Breastfeeding, Bottlefeeding and Budgeting – a mum muses

Guest post:

“I’m Katherine, mum of a sixteen-month-old boy, servant of three cats, and addicted to cloth nappies.  I started rambling online at in a sleep-deprived manner almost a year ago, and since then have gained a very part-time photography career, a half-decent website, and a smattering of followers.  I sadly haven’t gained a nanny, so blogging now fits between work, a cat who likes to be worn in a sling, and a toddler who still refuses to sleep.”

Just to be clear, I am not using this as a stick to beat formula-feeders with.  I’ve been on all sides of this: I’ve breastfed, expressed, combine-fed, formula fed, and finally ended up relactating and breastfeeding again.  This is not about the politics.  This is about the economics.

Today I sat down and worked out roughly how much we’ve spent on formula since we introduced a top-up feed when my son was twelve weeks.  And then I cried, because it’s money I could’ve spent on lovely, fluffy cloth nappies. 

£600.  Six hundred pounds.  Wow. 

formula, bottlefeeding

That isn’t counting the cost of the bottles we had to buy, the steriliser, the new teats every couple of months. 

We didn’t choose the most economic option: we always used the ready-made cartons.  Because we’d started off with one feed a day, it wasn’t worth buying a tin of formula.  By the time he was having more formula than breastmilk, we’d fallen into the habit of buying cartons, and just kept buying them.  My son moved onto formula exclusively at nine or so months, with the odd feed of expressed breastmilk from the freezer, until at fourteen months we both decided to try to start breastfeeding again.  Thankfully, it worked, and my son now drinks a mixture of goats’ milk, breastmilk, juice, and water (although not at the same time.  That would be, erm, revolting.)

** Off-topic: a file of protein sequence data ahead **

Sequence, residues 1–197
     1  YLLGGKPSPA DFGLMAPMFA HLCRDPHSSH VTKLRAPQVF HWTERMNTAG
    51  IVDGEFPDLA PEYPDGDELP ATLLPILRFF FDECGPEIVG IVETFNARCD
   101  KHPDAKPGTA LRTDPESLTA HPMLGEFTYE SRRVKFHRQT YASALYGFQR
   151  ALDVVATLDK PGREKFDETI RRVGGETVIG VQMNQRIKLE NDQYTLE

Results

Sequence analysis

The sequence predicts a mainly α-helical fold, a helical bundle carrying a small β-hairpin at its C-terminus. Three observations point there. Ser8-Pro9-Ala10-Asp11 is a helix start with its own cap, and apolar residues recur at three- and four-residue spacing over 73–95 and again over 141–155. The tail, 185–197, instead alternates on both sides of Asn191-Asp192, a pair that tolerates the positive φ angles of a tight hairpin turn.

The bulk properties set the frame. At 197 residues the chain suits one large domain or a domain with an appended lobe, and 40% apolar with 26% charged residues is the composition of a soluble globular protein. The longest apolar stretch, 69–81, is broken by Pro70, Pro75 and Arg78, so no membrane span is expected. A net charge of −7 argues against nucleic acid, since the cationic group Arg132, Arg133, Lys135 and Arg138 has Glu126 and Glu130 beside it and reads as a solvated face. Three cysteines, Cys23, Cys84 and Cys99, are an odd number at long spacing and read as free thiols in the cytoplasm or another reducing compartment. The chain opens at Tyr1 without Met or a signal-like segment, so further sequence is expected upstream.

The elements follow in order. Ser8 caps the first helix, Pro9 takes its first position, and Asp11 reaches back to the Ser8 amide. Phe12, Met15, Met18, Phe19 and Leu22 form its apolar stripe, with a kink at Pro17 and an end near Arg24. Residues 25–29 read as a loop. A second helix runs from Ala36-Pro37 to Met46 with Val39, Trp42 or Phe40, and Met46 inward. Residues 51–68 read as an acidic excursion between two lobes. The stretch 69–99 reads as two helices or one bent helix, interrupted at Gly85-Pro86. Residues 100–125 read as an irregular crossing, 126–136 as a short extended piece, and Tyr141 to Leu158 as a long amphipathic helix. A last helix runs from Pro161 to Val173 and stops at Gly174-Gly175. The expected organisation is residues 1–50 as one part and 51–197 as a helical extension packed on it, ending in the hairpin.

So, let’s get this straight.  Breastfeeding has massive health benefits for mum and baby, including a reduction in the likelihood of breast cancer for the mum, and a reduction in the likelihood of ear infections, asthma, eczema, allergies, obesity, SIDS, high blood pressure, and high cholesterol for the baby.  It’s convenient, and let’s be honest, getting up in the middle of the night to make up a bottle is a pain, as is sterilising.  Breastfeeding helps with bonding, and some studies have shown that breastfed babies have higher IQs.  It’s incredibly clever: the composition of breastmilk changes according to the age and needs of the baby.  It also costs nothing.

If that’s not a reason to at least attempt to start, or to carry on, or keep going for longer than you originally planned, I don’t know what is.


Thank you so much Katheirne for sharing your thoughts on this often emotive subject. Much appreciated and some useful facts.



  1. May 31, 2010 / 5:12 am

    I have to completely agree.
    I’ve breastfed my son for six months and counting.
    I made my decision to breastfeed because it was best for baby – plus it helps to shed some of that baby weight!
    I hear people say that it’s more “convenient” to formula-feed. I ask how that is? Getting up in the middle of the night to get a bottle? Please. I’d rather roll over, grab baby, feed him in a sleepy haze, and then we both go back to sleep.
    One thing I have to say is that it CAN be cheaper. I spent hundreds on an electric breast pump (which I have gotten my money out of). I’ve also spent money on breastfeeding freezer storage bags, bra pads, breastfeeding bras, a nursing pillow, nursing clothing – need I go on?
    I know these things are not necessities to nursing, however they do make things easier.
    So while I agree it “can” be cheaper, it isn’t necessarily.

  2. Becky
    May 31, 2010 / 5:51 am

    I spent quite a bit on pumps too – I actually rented a double pump electric ! Thanks for your comments!

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